dcsimg

Apache Guide: Logging, Part 3 -- Custom Logs

By Rich Bowen (Send Email)
Posted Sep 5, 2000


Long ago, log files came in one format. It was called the common format, and you were pretty much stuck with it. Then came custom log file format, and it turned out to be such a good idea that even the common format was reimplemented as a custom log file format.

In the beginning was the common log-file format, and it was good. But as Apache grew in popularity, its designers decided to expand upon the workhorse common format, thus leading us to an age where you can customize your log files. Rich Bowen explains how to do so.

In this article, you'll find out how to make your log files look like whatever you want, and have whatever information in them that you want.

Overview

Here's the lightning overview for those of you that just want to get something working, and don't care about all the details. You'll need to look at the LogFormat and CustomLog directives. There are several examples in your default httpd.conf file.

LogFormat sets up a format and gives it a nickname by which you can refer to it. CustomLog sets up an actual log file, and indicates the format (by nickname, usually) that file will use.

LogFormat

The LogFormat directive sets up a log format, and a nickname by which you can refer to that format.

For example, in your default httpd.conf file, you'll find the following line:

     LogFormat "%h %l %u %t \"%r\" %>s %b" common

This directive creates a log format called "common", which is in the format specified in quotes. Each one of those letters means a particular piece of information, which is put into the log file in the order indicated.

The available variables, and their meanings, are listed in the documentation, and are reproduced below:

     %...a:          Remote IP-address
     %...A:          Local IP-address
     %...B:          Bytes sent, excluding HTTP headers.
     %...b:          Bytes sent, excluding HTTP headers. In CLF format
                     i.e. a '-' rather than a 0 when no bytes are sent.

     %...{FOOBAR}e:  The contents of the environment variable FOOBAR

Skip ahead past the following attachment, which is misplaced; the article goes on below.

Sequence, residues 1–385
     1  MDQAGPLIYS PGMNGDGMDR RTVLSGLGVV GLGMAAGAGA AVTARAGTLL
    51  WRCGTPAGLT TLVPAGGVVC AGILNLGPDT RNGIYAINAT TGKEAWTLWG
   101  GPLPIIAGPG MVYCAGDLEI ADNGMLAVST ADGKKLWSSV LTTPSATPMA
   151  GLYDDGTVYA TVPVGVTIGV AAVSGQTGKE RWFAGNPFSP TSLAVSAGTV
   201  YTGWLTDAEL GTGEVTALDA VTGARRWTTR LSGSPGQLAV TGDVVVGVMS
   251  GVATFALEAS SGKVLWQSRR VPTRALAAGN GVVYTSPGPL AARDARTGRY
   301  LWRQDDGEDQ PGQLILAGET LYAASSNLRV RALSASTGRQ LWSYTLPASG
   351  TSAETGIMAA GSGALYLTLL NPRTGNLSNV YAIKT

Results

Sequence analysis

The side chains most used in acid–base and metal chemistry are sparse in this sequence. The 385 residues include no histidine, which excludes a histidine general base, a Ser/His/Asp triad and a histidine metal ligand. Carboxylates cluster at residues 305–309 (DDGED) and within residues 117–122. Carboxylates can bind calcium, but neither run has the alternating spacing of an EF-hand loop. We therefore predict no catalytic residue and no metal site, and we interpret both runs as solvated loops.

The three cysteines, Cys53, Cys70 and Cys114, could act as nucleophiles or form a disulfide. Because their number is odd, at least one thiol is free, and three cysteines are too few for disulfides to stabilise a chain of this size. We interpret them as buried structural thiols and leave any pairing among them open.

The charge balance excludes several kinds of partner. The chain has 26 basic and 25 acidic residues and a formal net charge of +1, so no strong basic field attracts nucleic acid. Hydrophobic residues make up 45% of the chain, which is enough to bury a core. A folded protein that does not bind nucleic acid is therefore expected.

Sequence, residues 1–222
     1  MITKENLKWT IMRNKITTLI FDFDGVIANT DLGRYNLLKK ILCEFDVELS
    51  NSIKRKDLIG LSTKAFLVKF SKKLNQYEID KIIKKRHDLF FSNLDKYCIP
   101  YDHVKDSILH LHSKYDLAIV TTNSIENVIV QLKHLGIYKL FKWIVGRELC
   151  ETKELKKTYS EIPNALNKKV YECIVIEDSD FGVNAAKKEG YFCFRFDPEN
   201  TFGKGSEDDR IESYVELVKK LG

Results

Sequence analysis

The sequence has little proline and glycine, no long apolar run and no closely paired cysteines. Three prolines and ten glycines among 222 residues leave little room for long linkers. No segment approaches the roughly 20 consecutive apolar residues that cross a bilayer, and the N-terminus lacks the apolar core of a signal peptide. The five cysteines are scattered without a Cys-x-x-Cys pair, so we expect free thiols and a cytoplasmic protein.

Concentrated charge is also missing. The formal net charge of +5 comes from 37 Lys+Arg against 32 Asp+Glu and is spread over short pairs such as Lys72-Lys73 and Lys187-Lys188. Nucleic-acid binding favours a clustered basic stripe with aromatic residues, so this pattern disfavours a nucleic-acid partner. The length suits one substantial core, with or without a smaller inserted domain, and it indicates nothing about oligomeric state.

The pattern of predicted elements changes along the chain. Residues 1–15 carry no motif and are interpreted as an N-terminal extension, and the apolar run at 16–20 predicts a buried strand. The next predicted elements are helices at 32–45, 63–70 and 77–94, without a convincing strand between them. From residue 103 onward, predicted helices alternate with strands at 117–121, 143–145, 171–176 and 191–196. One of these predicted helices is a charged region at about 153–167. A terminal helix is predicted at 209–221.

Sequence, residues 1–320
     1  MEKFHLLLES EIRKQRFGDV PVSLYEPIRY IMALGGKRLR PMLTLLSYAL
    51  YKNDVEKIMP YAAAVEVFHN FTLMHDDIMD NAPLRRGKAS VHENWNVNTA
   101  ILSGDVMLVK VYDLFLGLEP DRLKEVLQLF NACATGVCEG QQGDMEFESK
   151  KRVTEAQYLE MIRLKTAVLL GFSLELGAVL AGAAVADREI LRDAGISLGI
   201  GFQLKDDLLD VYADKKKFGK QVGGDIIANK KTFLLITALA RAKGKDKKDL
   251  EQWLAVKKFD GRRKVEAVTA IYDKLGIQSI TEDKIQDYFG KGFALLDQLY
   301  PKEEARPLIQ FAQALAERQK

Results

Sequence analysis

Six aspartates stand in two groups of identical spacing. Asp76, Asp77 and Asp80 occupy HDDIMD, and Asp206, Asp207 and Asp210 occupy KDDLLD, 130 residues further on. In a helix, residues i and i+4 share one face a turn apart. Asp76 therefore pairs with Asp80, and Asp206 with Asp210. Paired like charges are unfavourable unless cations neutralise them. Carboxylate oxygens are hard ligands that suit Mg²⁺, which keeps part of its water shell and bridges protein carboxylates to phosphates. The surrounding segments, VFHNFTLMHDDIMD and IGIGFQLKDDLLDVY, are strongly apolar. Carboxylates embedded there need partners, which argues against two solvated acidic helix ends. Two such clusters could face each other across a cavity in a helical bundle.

%...f:          Filename
     %...h:          Remote host
     %...H           The request protocol
     %...{Foobar}i:  The contents of Foobar: header line(s) in the request
                     sent to the server.
     %...l:          Remote logname (from identd, if supplied)
     %...m           The request method
     %...{Foobar}n:  The contents of note "Foobar" from another module.
     %...{Foobar}o:  The contents of Foobar: header line(s) in the reply.
     %...p:          The canonical Port of the server serving the request
     %...P:          The process ID of the child that serviced the request.
     %...q           The query string (prepended with a ? if a query string exists,
                     otherwise an empty string)
     %...r:          First line of request
     %...s:          Status.  For requests that got internally redirected, this is
                     the status of the *original* request --- %...>s for the last.
     %...t:          Time, in common log format time format (standard english format)
     %...{format}t:  The time, in the form given by format, which should
                     be in strftime(3) format. (potentially localised)
     %...T:          The time taken to serve the request, in seconds.
     %...u:          Remote user (from auth; may be bogus if return status (%s) is 401)
     %...U:          The URL path requested.
     %...v:          The canonical ServerName of the server serving the request.
     %...V:          The server name according to the UseCanonicalName setting.

In each case, the "..." indicates an (optional) condition. If the condition is met, then the particular. If the condition is ommitted, then the variable will be replaced with a "-" if it is not defined. I'll give some examples of this in a minute.

Page 1 of 2


Comment and Contribute

Your name/nickname

Your email

(Maximum characters: 1200). You have characters left.